Young children′s representation of prosodic phonology: Evidence from english-speakers′ weak syllable productions

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Abstract

How can children use prosodic information such as pausing and pitch resetting to infer syntactic structure? This work considers the possibility that they do so by first constructing a prosodic representation similar to ones suggested by recent linguistic theory (e.g., Hayes, 1989; Nespor & Vogel, 1986; Selkirk, 1981). The research examines 2-year-olds′ sensitivity to prosodic structure by comparing their weak syllable preservation patterns in comparably stressed multisyllabic words and sentences. Consistent with previous research, the results suggest a speech production model in which children apply to their multisyllabic words a series of strong-(weak) metrical templates (Allen & Hawkins, 1980; Demuth, 1992, in press; Gerken, 1990, 1991, in press b; Gerken, Landau, & Remez, 1990; Wijnen, Krikaar, & den Os, in press). The new finding added by the current research is that children organize their intended sentences into phonological phrases and apply metrical templates within these prosodic units. Implications of children′s sensitivity to prosodic structure for syntax acquisition are discussed.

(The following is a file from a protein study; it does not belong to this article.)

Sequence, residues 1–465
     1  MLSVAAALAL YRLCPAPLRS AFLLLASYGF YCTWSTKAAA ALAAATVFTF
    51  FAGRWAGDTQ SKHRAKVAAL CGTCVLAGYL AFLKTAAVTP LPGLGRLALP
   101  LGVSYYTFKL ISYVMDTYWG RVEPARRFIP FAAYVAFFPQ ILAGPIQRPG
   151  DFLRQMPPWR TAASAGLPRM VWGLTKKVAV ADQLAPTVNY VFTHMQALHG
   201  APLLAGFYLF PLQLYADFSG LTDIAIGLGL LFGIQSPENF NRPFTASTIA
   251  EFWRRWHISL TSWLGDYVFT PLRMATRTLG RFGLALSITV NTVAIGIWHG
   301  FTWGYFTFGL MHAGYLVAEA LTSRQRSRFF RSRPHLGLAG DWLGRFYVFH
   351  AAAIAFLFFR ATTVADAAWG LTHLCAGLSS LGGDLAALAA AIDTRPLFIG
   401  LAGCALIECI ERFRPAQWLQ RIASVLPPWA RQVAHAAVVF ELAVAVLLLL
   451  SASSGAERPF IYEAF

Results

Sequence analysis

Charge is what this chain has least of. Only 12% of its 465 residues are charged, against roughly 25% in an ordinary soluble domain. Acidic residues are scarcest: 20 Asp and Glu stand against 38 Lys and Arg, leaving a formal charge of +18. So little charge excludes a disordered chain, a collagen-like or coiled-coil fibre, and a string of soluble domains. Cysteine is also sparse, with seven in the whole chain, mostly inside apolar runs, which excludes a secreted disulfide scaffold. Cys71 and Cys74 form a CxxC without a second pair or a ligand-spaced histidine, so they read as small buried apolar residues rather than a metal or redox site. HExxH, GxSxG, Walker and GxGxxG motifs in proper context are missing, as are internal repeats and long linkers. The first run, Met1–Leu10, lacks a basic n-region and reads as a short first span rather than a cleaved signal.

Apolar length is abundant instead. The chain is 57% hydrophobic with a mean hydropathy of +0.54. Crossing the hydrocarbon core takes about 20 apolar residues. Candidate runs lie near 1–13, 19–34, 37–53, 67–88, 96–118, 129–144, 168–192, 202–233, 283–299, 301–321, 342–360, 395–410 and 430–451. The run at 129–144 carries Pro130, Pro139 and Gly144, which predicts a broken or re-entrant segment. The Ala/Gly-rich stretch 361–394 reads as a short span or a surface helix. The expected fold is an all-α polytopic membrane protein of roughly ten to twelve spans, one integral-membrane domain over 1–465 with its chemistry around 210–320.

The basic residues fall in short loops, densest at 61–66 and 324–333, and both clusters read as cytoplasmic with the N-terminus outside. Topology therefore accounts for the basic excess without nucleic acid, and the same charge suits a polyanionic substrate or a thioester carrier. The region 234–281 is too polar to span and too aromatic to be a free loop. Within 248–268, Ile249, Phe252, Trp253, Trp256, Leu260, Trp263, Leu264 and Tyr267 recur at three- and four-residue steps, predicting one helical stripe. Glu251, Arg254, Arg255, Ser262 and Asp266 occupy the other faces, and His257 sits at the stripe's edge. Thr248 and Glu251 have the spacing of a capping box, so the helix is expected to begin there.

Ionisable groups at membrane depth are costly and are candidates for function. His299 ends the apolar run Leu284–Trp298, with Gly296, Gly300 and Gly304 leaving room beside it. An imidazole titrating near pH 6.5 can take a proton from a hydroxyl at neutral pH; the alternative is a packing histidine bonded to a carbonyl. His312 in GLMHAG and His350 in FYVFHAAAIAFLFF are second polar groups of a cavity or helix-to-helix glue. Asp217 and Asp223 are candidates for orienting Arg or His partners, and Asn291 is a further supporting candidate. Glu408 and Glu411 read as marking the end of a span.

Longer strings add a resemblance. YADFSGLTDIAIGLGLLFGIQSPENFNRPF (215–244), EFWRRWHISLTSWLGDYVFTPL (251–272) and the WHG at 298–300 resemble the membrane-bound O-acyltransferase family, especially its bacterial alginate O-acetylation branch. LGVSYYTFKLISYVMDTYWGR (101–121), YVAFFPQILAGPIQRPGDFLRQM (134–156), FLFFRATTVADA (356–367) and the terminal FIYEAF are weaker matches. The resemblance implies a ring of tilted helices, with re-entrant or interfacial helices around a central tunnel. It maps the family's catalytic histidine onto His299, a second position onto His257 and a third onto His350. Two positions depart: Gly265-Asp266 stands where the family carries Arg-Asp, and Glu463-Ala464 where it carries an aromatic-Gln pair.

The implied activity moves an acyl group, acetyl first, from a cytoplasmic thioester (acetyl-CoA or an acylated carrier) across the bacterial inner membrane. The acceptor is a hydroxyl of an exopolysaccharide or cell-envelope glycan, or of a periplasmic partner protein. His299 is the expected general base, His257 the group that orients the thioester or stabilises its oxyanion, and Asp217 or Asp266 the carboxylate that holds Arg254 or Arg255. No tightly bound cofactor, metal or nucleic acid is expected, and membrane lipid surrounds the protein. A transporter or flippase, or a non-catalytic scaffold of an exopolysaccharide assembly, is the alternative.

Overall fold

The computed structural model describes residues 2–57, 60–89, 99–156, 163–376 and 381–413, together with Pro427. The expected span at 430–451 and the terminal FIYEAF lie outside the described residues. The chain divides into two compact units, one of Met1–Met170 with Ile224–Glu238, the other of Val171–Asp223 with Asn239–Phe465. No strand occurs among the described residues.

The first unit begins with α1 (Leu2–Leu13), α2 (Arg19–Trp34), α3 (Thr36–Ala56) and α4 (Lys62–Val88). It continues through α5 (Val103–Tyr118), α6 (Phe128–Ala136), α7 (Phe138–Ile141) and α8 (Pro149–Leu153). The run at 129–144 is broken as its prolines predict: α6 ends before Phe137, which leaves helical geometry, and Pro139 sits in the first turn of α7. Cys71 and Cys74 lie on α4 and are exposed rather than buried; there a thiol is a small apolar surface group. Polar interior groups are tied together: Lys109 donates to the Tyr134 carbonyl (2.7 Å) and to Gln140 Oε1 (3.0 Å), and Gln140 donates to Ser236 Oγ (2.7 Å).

Original languageEnglish (US)
Pages (from-to)19-38
Number of pages20
JournalJournal of Memory and Language
Volume33
Issue number1
DOIs
StatePublished - Jan 1 1994
Externally publishedYes

ASJC Scopus subject areas

  • Neuropsychology and Physiological Psychology
  • Language and Linguistics
  • Experimental and Cognitive Psychology
  • Linguistics and Language
  • Artificial Intelligence

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